The importance of appellate counsel is explained by the Evitts Court:
"Just as a transcript may by rule or custom be a prerequisite to appellate review, the services of a lawyer will for virtually every layman be necessary to present an appeal in a form suitable for appellate consideration on the merits. See Griffin v Illinois, 351 U.S. 12, 20; 76 S Ct 585, 591; 100 L Ed 891, 899 (1956). Therefore, Douglas v California, 372 U.S. 353; 83 S Ct 814; 9 L Ed 2d 811 (1963), recognized that the principles of Griffin required a State that afforded a right of appeal to make that appeal more than a `meaningless ritual' by supplying an indigent appellant in a criminal case with an attorney. 372 US at 358; 83 S Ct at 817. This right to counsel is limited to the first appeal as of right, see Ross v Moffitt, 417 U.S. 600; 94 S Ct 2437; 41 L Ed 2d 341 (1974), and the attorney need not advance every argument, regardless of merit, urged by the appellant, see Jones v Barnes, 463 U.S. 745; 103 S Ct 3308; 77 L Ed 2d 987 (1983). But the attorney must be available to assist in preparing and submitting a brief to the appellate court, Swenson v Bosler, 386 U.S. 258; 87 S Ct 996; 18 L Ed 2d 33 (1967) (per curiam) and must play the role of an active advocate, rather than a mere friend of the court assisting in a detached evaluation of the appellant's claim. See Anders v California, 386 U.S. 738; 87 S Ct 1396; 18 L Ed 2d 493 (1967); see also Entsminger v Iowa, 386 U.S. 748; 87 S Ct 1402; 18 L Ed 2d 501 (1967)." 105 S Ct 834-835. (Emphasis in original.)
When determining that "[a] first appeal as of right * * * is not adjudicated in accord with due process of law if the appellant does not have the effective assistance of an attorney", the Evitts Court explained that "nominal representation on an appeal as of right — like nominal representation at trial — does not suffice to render the proceedings constitutionally adequate; a party whose counsel is unable to provide effective representation is in no better position than one who has no counsel at all". Id., 836.
We point out the right to effective assistance of appellate counsel in a defendant's first appeal (after his conviction) as of right because the case before us poses an unusual set of circumstances. Defendant's trial counsel did not submit an appellate brief in response to the prosecutor's application for leave to appeal (a discretionary appeal) from the circuit court's order reducing the charges against the defendant. Technically, on the facts, one could label trial counsel as an "appellate" counsel for the sole purpose of opposing the prosecutor's application for leave to appeal. We believe, however, that to characterize a trial counsel as a defendant's appellate counsel for pretrial proceedings and trial proceedings (this case does not present a situation where trial counsel also acts as appellate counsel in a post-conviction appeal as of right) would create confusion with the roles of that of trial counsel and that of appellate counsel for a defendant's first appeal as of right after the defendant's conviction.
Therefore, it is our opinion that, throughout pretrial, trial and sentencing proceedings, trial counsel remains "trial counsel" even though he or she, during the course of a defendant's representation, is faced with various appellate duties and, thus, wears the hats of both trial and "appellate" counsel. Thus, for purposes of the instant case, defense counsel's pretrial failure to file an appellate brief in opposition to the prosecutor's application for leave to appeal to this Court will be treated as an omission committed by trial counsel rather than as a failure to represent the defendant as appellate counsel.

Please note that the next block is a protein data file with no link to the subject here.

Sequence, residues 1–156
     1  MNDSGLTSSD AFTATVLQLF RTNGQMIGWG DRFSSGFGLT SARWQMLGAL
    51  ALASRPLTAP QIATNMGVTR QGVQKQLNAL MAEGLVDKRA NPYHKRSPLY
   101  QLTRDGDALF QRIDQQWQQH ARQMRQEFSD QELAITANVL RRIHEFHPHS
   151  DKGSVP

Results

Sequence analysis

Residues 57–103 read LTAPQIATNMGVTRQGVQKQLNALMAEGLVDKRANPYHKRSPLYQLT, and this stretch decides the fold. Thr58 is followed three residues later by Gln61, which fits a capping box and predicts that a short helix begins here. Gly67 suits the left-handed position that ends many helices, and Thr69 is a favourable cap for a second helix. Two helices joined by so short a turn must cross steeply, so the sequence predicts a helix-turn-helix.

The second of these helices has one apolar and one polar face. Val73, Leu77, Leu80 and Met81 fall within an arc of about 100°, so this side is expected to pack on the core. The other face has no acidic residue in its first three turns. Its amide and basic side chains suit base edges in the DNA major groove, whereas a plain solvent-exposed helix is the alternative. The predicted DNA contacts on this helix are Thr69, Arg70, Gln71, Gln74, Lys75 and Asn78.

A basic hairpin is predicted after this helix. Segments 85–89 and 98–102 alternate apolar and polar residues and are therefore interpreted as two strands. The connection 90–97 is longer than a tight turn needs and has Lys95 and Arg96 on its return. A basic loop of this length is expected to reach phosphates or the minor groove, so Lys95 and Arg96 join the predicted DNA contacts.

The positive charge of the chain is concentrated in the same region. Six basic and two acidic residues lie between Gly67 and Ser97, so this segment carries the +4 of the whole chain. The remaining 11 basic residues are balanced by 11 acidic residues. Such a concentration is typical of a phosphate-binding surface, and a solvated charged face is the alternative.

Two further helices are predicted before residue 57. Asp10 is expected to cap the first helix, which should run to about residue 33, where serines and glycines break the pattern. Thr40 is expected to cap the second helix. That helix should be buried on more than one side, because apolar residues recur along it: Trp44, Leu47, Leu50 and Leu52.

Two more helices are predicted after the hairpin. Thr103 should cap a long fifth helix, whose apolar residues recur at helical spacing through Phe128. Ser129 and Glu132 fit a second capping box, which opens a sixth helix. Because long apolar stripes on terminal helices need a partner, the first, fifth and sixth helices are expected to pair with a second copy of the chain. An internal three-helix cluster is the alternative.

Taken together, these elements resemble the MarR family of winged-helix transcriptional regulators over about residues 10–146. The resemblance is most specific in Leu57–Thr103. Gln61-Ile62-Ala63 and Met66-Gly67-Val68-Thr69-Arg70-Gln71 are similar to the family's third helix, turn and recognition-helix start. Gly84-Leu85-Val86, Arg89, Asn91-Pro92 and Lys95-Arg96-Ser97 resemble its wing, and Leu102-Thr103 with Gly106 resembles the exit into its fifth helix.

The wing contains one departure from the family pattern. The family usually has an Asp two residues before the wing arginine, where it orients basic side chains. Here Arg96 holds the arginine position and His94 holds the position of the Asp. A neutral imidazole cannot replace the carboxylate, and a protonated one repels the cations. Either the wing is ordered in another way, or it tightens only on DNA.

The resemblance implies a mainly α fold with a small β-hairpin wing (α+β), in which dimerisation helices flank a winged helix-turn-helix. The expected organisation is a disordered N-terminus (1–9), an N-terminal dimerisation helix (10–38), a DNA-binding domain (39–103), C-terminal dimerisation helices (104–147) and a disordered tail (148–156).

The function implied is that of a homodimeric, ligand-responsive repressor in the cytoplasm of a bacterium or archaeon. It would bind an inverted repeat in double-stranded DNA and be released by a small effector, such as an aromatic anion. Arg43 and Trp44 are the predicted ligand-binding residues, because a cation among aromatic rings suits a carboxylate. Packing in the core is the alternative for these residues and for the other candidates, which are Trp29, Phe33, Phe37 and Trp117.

The basic rule in Michigan is that "[f]or a defendant to prevail on a claim of ineffective assistance of counsel, the record must support the claim and exclude all hypotheses consistent with the view that the trial attorney represented him adequately". People v Pawelczak, 125 Mich. App. 231, 240; 336 N.W.2d 453 (1983), citing People v Ginther, 390 Mich. 436, 442-443; 212 N.W.2d 922 (1973). Under Strickland, supra, the defendant identified the act or omission of counsel that is "alleged not to have been the result of reasonable professional judgment". 104 S Ct 2066. Under Garcia, supra, defendant identified the serious mistake but for which he claims he would have had a reasonably likely chance for acquittal.
After a review of the preliminary examination transcript, it is our opinion that the evidence supported the original bind-over charges, as a previous panel of this Court has already determined. The defendant, therefore, was not prejudiced by the failure of defense counsel to oppose the prosecutor's application for leave to appeal, although the defendant was required to stand trial on the original charges. The defendant was convicted on lesser offenses and acquitted on one principal charge. We recognize that the prior panel's decision is binding authority and we have only examined the proceedings below for the purpose of reviewing the present record to determine if the details surrounding the alleged deficiency in counsel's performance were contained in the record.
We cannot conclude that counsel's failure to perform (file a brief) was a matter of trial strategy even if counsel believed that opposing the prosecutor's application for leave was fruitless, because our determination is made after the fact, and we are mindful of the cases cited in Evitts, supra, which have dealt with an appellate counsel's failure to file an appellate brief. We find that this particular act standing alone was not so egregious that we could conclude that the defendant was denied the effective assistance of counsel under either the first prong in Garcia, supra (constitutionally effective), or under the second prong (was not a mistake so serious but for which, defendant would have had a reasonably likely chance for acquittal). Garcia, supra. Under Strickland, supra, counsel's deficient performance was not an error "so serious that counsel was not functioning as the `counsel' guaranteed the defendant by the Sixth Amendment". 104 S Ct 2064. Defendant was not deprived of a fair trial as contemplated by either the Strickland or Garcia opinions. The record indicates that defendant was adequately represented at trial and received a fair trial.